Waste Not Want Not back on the road with new truck

Community comes to the rescue to organization dedicated to fighting hunger, poverty

By Wesley LeBlanc wesley@opcfla.com
Posted 8/26/20

ORANGE PARK – Local nonprofit Waste Not Want Not was eager to show off its new $40,000 truck purchased with help from the community.

Waste Not Want Not’s truck broke down for good back in …

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Waste Not Want Not back on the road with new truck

Community comes to the rescue to organization dedicated to fighting hunger, poverty

Posted

ORANGE PARK – Local nonprofit Waste Not Want Not was eager to show off its new $40,000 truck purchased with help from the community.

Waste Not Want Not’s truck broke down for good back in April and the organization lost its main source of gathering and delivering food for months. The truck was responsible for transporting one million pounds of food each year. After weeks of fundraising within the Clay County community, the 501(c)(3) charity organization revealed its new truck to a crowd of dozens Tuesday, Aug. 25.

“We are a group of people that believes it’s wrong for anyone to go hungry while food goes to waste,” Executive Director Sandra Staudt-Killea said. “This new truck will help us accomplish that mission.”

Waste Not Want Not prevents discarding food and other items that can be used to fight hunger and poverty, according to the group’s mission. They do it by rescuing food every day from several sources and distributing it to local charitable organizations.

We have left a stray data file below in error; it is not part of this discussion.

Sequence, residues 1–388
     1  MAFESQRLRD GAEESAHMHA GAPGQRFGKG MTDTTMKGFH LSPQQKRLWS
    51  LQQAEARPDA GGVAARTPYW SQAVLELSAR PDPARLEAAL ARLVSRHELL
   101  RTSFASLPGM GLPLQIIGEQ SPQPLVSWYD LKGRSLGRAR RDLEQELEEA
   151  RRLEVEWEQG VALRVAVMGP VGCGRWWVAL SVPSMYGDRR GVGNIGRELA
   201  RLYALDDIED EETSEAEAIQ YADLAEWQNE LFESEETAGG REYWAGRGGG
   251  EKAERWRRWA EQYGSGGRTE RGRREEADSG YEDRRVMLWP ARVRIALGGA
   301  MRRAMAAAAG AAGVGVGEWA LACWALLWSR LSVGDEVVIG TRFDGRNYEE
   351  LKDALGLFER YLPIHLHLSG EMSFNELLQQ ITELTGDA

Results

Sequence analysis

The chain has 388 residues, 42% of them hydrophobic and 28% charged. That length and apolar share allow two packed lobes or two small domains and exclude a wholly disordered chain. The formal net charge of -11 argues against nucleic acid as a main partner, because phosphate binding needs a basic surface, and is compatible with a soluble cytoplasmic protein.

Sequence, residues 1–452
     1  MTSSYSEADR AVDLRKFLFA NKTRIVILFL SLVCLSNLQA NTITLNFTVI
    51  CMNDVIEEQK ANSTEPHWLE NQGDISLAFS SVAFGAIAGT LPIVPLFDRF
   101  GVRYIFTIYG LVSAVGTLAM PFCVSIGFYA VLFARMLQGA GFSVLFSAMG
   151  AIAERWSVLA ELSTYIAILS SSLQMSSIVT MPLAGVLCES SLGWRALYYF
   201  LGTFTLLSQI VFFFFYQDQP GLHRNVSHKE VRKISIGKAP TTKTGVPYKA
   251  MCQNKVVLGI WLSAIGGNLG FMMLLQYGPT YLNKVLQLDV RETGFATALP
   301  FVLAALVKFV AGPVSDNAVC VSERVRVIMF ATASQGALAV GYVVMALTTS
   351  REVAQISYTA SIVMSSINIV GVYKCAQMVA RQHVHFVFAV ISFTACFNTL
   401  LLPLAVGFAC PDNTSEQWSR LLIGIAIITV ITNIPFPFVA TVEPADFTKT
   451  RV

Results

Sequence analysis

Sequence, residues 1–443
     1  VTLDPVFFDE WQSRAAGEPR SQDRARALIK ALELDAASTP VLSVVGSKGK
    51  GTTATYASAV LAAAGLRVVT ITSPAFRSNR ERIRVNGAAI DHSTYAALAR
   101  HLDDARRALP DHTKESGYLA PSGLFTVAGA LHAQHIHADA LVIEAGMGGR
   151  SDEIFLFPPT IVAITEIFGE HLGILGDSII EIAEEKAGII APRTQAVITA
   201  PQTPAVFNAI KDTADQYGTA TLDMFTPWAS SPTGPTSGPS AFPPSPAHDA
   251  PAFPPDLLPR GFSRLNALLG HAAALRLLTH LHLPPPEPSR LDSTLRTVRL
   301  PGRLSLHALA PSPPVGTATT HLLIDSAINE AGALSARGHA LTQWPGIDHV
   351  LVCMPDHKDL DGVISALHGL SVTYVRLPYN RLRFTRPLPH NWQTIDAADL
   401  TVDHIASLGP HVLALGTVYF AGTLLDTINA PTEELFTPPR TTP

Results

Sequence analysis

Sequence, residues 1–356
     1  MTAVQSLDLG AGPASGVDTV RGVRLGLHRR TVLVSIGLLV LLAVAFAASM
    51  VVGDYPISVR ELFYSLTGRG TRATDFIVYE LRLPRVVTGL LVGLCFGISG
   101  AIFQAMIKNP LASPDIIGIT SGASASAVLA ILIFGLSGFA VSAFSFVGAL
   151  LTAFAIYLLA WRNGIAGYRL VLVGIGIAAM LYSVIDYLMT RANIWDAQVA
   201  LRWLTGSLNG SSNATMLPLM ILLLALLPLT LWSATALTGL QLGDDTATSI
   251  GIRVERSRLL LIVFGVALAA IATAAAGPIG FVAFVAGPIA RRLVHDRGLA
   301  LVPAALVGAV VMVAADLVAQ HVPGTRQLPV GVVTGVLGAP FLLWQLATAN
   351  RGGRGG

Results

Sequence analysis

Staudt-Killea told a small crowd of the importance of the truck. She said half of all Waste Not Want Not food is transported and delivered by the truck. When the old truck broke down, the community stepped in.

Staudt-Killea said after learning the charity would need a new truck, it began to ask for donations on Facebook and throughout the community. The Orange Park Sunrise Rotary club stepped in to cover the cost of renting a new truck for three months.

Nimnicht Chevrolet caught wind of Waste Not Want Not’s predicament and donated a very large sum, Staudt-Killea said. They were also able to put the new truck on hold for six weeks to give the charity enough time to raise the $40,000 necessary to purchase it.

“Once we heard the story, we knew we had to get involved,” Mike Watson of Nimnicht, who sold Waste Not the truck, said. “We’re so thankful for what they do and it’s amazing how much good a single truck can do. It was the least we could do to help Waste Not in their mission.”

Staudt-Killea said after the unveiling that she was “absolutely humbled” by the support and she’s still blown away by the community’s ability to show up in times like this. She was especially surprised by all of the donations in light of the ongoing pandemic that has made financials stressful for many in Clay County.

Many of the donations that paid for the truck came from the 250 Waste Not volunteers, but Staudt-Killea said others donated as well.

“It meant so much to see these people donating to us,” Staudt-Killea said. “They had never volunteered for us or anything, but they still donated and I think that sings to how important the message of Waste Not is.

“Nobody should go hungry. If we can make a difference in people’s lives, then we have succeeded, and even one person can make a difference. That’s what’s important to remember when facing such a task as feeding the hungry: you can make a difference.”

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